FLUTTER: cross-platform apps by Google
When Google provided the initial release of their new mobile development SDK (May 2017) we strongly believed that it would be the next cross-platform solution which wouldn’t change anything. There are many frameworks on the market like Xamarin or PhoneGap, but due to the numerous disadvantages of these platforms, they are not our leading technology for developing mobile applications. Cost optimization isn’t worth sacrificing performance or user experience. Our applications must be highly responsive and user-friendly in terms of appearance and usability. Will Flutter let us achieve this?
A fast app is great, but a smooth app is even better
Flutter aims to provide 60 fps performance, or 120 fps performance on devices capable of 120Hz updates. This is important, because it shows the approach to creating applications that not only WORK, but are also smooth. The emphasis is not only on compatibility between systems, but also on many other factors. This is a big step forward because many cross-platform frameworks have significant performance problems. Even the newest devices from technological giants don’t ensure the smooth operation of such applications. So what can we expect when it comes to UI/UX? Do smooth applications for the cross-platform framework mean poor design and small possibilities of interfering with the appearance of the app?
The kingdom of widgets
In Flutter everything is a widget. The whole app is a set of nested widgets. There is a possibility to create stateless or stateful ones. When you want to update the UI, you just need to change the state of the widget and call the setState() method. It sounds like laying LEGO blocks and it’s a bit like that! You need only about 400 lines of code to build a simple chat app based on Firebase. The widget concept invented by Google is quite clever and ensures good performance, smooth animations, and very big possibilities when it comes to UI. What’s more, Flutter packages provide a lot of standard Android and iOS components. Even the default behavior of these components is taken from a given platform!
Let’s play darts
Take care of the environment
Currently, Flutter supports both Android Studio (you can also have IntelliJ) and Visual Studio.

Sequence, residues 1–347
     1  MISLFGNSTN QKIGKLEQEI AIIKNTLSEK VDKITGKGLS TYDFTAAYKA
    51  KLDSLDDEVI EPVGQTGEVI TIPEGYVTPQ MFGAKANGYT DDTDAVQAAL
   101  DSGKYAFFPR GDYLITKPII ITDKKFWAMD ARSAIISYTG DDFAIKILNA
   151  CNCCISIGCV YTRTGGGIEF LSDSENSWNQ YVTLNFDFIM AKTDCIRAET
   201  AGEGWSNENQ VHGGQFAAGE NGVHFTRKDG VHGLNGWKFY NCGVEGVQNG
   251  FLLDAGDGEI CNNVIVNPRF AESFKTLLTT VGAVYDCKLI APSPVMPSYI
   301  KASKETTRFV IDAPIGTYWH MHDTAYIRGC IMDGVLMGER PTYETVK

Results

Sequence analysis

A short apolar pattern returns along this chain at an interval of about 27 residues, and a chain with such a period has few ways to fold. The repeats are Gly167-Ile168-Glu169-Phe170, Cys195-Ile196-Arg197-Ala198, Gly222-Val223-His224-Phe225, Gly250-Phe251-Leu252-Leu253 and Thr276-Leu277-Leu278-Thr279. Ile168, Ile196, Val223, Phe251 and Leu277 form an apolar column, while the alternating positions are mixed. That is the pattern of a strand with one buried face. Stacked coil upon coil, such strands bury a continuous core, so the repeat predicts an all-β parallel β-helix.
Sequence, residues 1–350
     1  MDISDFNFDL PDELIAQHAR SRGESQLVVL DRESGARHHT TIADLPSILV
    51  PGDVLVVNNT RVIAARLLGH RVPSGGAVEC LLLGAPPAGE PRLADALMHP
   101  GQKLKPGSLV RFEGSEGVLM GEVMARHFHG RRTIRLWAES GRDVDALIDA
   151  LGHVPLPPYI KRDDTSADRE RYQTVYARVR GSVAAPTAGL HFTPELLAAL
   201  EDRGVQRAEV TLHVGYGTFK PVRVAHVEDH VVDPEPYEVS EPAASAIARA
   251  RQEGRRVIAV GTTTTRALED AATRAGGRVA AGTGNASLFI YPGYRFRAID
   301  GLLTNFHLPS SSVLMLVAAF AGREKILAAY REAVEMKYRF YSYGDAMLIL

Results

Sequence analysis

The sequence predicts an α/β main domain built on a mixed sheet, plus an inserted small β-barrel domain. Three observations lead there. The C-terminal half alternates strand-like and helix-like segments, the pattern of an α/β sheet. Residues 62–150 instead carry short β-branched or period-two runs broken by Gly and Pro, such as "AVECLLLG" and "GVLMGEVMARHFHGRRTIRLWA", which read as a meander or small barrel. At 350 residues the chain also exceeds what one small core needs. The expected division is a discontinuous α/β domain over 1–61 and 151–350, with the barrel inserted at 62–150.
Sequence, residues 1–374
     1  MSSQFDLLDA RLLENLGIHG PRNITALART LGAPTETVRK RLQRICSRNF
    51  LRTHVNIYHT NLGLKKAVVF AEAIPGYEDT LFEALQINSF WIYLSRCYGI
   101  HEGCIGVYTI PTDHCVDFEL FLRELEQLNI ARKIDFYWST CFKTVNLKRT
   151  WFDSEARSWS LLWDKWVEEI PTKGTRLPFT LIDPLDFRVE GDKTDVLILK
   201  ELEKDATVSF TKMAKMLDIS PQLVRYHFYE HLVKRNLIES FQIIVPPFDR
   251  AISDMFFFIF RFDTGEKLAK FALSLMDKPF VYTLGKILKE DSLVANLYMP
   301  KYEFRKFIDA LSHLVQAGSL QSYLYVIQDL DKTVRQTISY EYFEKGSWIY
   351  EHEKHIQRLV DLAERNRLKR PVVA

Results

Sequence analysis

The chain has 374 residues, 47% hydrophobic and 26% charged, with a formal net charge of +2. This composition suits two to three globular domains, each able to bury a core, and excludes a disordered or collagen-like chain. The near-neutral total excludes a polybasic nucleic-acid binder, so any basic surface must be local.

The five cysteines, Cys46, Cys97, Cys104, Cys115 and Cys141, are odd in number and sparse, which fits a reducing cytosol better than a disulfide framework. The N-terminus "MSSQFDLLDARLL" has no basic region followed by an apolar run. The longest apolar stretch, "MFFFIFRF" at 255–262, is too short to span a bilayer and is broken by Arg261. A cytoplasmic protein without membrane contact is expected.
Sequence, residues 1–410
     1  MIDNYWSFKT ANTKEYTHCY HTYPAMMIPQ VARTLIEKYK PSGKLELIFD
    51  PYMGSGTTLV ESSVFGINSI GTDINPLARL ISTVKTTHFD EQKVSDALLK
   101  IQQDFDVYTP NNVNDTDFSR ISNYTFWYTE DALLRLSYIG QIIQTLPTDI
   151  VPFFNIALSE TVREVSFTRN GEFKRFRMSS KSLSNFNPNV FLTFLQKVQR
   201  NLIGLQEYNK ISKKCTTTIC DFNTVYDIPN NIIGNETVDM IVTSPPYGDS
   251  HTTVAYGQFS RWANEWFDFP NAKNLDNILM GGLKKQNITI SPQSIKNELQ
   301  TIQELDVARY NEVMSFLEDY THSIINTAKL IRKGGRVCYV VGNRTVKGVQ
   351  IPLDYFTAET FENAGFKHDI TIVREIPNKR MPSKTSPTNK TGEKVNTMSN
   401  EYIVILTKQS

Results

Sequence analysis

In case of Android Studio (IntelliJ) you need to install two plugins:
* the Flutter plugin powers Flutter developer workflows (running, debugging, hot reload, etc.)
* the Dart plugin offers code analysis (code validation as you type, code completions, etc.)
To use Visual Studio you just have to install the “Dart Code” extension. Yeah, that’s it!
Launch the rocket
Google prepared two codelabs for developers to get familiar with Flutter. The first of them will teach you how to build beautiful UI and the other shows how to use Firebase and build a simple chat app similar to Whatsapp. We are amazed by how quickly you can build an app that combines signing in, sending messages or photos and has a very nice UI. What’s more: it works on three platforms! Sounds great, doesn’t it?
Android, iOS, and of course not Windows ;) Google is working on a new OS called Fuchsia. This will probably be the successor to Android. Through Flutter, Google wants to saturate the market with apps compatible with their new system to provide users with a fully-finished system. However, the change between Android and Fuchsia will take a few years. Even so, it is worth being interested in Flutter due to the possibility of developing applications on both iOS and Android.
On the official Flutter website you can read that Flutter is now in Beta. Therefore, one would think that it is not yet time to use it for production. We were very surprised when on medium.com we read that there is already an app with 200k downloads! In the article it is mentioned that the developers of this app also reviewed Xamarin and React Native before making the final decision. It appeared that Flutter was a good choice. They don’t complain about the performance and are happy with the very rich widgets provided by Flutter and had no problem with any implementation of UI. When they started to create the app, support from the Flutter community was very poor, there weren’t too many libraries either. But it was in the summer of 2017! Now, the community is getting bigger and bigger, there are a lot of libraries and helpful websites about Flutter. What if you need platform specific functions? In Flutter it needs to be called from the platform side and implemented by platform native languages (Java or Kotlin for Android, Obj-C or Swift for iOS). It is the same as developing on the platform standard, so any available library can be used! Looks brilliant, but is it really so rosy?
… or not really?
There are more than 3,000 issues registered in GitHub. Therefore, it is very likely that you will experience several errors while creating your app and they will increase as your app grows. On the other hand, new versions of Flutter are released every few days, bugs are actively eliminated. It can be expected that the final version of Flutter will be a complete app development framework and a very serious competitor of the native creation of mobile applications. One thing is for sure – you should be prepared for the arrival of Flutter’s era!